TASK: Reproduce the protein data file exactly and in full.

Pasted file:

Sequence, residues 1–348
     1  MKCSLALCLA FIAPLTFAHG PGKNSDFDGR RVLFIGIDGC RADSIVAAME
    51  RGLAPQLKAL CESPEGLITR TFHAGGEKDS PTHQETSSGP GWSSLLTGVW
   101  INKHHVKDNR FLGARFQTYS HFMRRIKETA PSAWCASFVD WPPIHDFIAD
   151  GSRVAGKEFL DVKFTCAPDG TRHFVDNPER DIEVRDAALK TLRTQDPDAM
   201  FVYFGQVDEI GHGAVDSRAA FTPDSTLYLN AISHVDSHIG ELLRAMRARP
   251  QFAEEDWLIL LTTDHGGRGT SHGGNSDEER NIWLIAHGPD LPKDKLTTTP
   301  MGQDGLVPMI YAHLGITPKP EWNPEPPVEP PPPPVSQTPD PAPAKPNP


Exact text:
Sequence, residues 1–348
     1  MKCSLALCLA FIAPLTFAHG PGKNSDFDGR RVLFIGIDGC RADSIVAAME
    51  RGLAPQLKAL CESPEGLITR TFHAGGEKDS PTHQETSSGP GWSSLLTGVW
   101  INKHHVKDNR FLGARFQTYS HFMRRIKETA PSAWCASFVD WPPIHDFIAD
   151  GSRVAGKEFL DVKFTCAPDG TRHFVDNPER DIEVRDAALK TLRTQDPDAM
   201  FVYFGQVDEI GHGAVDSRAA FTPDSTLYLN AISHVDSHIG ELLRAMRARP
   251  QFAEEDWLIL LTTDHGGRGT SHGGNSDEER NIWLIAHGPD LPKDKLTTTP
   301  MGQDGLVPMI YAHLGITPKP EWNPEPPVEP PPPPVSQTPD PAPAKPNP